A History of Japanese Literature by W. G. Aston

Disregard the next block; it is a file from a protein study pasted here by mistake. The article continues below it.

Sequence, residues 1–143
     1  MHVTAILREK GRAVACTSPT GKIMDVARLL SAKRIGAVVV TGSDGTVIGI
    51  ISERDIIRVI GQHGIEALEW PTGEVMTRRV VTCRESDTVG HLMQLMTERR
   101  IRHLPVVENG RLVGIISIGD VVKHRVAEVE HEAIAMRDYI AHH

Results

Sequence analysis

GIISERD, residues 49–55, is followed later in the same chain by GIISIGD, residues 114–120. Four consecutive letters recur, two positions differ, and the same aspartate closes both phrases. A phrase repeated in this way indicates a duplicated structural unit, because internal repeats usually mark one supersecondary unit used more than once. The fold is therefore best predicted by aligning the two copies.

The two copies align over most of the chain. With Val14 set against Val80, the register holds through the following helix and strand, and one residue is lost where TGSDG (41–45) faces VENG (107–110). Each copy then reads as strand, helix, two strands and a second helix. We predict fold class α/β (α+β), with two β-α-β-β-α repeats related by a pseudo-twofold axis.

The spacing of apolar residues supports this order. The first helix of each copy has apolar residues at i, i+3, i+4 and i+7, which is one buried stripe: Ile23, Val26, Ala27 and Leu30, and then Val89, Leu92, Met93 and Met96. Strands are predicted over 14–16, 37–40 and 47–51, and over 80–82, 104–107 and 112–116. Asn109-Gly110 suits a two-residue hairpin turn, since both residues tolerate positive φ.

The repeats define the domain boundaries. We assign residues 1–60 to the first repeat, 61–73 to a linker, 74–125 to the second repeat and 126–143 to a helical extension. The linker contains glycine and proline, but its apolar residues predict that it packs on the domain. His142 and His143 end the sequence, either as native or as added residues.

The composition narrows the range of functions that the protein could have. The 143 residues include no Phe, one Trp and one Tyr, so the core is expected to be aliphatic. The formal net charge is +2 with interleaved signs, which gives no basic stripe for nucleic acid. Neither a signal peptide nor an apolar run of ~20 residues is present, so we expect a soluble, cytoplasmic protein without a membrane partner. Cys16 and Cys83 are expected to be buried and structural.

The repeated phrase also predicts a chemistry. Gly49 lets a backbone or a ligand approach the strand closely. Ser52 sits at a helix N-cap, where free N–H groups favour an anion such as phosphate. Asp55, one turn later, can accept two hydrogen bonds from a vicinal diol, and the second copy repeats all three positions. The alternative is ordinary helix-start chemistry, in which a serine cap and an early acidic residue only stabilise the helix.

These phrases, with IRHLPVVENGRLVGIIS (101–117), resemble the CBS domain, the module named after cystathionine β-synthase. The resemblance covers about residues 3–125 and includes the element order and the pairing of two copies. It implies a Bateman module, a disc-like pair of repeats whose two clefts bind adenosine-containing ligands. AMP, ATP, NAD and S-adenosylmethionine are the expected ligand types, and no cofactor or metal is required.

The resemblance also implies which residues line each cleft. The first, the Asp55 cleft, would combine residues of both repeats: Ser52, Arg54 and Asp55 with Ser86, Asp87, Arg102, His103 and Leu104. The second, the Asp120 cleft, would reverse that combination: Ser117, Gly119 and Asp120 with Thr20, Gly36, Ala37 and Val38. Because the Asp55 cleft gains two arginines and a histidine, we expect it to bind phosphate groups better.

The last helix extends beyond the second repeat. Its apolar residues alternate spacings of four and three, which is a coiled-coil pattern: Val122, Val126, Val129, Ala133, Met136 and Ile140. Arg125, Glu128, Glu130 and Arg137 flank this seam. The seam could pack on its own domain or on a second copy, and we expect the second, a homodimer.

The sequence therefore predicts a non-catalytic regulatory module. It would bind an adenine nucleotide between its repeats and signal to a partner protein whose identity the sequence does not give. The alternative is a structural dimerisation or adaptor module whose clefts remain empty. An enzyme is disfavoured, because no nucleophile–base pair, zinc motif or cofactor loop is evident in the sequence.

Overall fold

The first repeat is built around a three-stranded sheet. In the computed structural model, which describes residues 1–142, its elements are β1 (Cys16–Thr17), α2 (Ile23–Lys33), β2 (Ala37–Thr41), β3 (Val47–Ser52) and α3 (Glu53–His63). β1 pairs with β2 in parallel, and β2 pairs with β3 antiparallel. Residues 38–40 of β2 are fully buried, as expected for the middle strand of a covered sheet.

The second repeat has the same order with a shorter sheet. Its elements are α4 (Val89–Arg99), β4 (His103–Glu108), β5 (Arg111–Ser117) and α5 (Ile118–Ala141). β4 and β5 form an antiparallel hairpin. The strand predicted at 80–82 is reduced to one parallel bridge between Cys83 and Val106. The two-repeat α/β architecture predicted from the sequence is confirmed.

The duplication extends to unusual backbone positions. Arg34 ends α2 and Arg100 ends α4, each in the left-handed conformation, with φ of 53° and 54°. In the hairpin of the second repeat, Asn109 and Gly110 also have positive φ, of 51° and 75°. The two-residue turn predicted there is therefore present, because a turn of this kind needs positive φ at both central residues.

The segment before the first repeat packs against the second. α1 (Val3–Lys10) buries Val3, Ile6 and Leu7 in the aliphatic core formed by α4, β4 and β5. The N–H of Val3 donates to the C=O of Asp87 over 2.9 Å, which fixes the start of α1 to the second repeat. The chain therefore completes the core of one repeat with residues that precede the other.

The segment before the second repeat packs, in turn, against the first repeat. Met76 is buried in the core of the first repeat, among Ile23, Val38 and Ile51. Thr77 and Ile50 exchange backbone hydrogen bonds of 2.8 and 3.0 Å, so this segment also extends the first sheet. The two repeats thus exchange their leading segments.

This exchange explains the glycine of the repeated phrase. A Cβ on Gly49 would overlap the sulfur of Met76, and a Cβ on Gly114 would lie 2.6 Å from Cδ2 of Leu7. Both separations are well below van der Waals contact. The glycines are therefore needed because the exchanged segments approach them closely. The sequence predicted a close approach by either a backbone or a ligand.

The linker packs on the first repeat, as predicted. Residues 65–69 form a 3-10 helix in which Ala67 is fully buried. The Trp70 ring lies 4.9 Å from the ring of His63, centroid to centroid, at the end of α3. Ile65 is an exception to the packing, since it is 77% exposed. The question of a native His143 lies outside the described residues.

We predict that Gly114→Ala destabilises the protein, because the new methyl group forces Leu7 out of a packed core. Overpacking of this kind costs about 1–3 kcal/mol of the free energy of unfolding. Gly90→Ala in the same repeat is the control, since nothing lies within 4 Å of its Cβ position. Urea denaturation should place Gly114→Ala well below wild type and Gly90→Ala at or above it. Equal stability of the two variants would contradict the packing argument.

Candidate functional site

The diplomat and Japanese and Korean scholar William George Aston (1841-1911) wrote several highly regarded publications, particularly on the Japanese language. This work is a chronological survey of Japanese literature from its early songs to the European-influenced works of the nineteenth century. It covers lyrics, poetry, prose and children's stories, and charts the major themes in the history of Japanese learning. At the time of publication in 1899, Japanese literature was little known to European readers, and Aston is careful to assume no prior knowledge of the subject, focusing instead on the most important works and writers, and providing contextual political and religious detail where necessary. His treatment of contemporary literature, and of works not typically discussed for their literary merit, was groundbreaking. The book as a whole remained unsurpassed for eighty years. Aston's introductory survey of traditional Japanese religion, Shinto (1907), is also reissued in this series.